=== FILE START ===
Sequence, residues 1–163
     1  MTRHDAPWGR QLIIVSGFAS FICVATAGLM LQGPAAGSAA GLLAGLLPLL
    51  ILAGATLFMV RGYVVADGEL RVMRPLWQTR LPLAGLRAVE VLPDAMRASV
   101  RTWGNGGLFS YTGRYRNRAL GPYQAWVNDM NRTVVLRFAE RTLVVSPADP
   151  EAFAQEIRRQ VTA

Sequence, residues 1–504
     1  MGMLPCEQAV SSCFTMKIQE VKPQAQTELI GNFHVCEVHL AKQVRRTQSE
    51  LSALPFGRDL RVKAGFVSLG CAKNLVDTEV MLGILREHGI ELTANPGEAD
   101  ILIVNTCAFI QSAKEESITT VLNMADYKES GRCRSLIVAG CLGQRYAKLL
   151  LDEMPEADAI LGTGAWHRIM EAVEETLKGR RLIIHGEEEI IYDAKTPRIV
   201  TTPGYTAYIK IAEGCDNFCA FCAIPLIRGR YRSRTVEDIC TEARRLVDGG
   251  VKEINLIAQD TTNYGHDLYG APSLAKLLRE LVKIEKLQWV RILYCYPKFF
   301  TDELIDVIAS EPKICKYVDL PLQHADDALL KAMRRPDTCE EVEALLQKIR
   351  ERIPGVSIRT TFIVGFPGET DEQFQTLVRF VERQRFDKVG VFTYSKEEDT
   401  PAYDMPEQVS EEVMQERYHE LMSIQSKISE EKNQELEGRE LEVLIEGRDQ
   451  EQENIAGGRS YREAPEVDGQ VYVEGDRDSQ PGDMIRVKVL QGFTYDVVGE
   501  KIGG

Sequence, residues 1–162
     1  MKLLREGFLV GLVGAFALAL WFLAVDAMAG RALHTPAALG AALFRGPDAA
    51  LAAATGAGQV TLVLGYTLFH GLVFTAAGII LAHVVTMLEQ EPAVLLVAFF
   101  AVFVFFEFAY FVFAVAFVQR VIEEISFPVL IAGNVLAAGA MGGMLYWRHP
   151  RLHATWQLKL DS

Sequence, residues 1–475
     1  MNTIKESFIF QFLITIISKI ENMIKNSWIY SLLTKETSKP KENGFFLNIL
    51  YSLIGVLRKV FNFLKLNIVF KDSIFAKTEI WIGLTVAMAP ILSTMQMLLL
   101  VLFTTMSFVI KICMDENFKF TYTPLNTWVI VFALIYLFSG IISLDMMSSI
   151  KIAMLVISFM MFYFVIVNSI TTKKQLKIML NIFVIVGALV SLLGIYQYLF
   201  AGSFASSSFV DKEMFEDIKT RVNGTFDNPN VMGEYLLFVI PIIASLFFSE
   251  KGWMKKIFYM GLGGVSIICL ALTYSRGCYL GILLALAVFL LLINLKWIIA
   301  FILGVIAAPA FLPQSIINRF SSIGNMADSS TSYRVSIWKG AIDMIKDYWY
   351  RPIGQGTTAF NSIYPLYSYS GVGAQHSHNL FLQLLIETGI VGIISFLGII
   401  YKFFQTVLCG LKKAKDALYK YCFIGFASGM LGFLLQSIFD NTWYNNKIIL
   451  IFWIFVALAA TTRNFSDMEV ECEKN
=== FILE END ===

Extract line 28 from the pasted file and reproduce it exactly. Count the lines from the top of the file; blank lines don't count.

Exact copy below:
   201  AGSFASSSFV DKEMFEDIKT RVNGTFDNPN VMGEYLLFVI PIIASLFFSE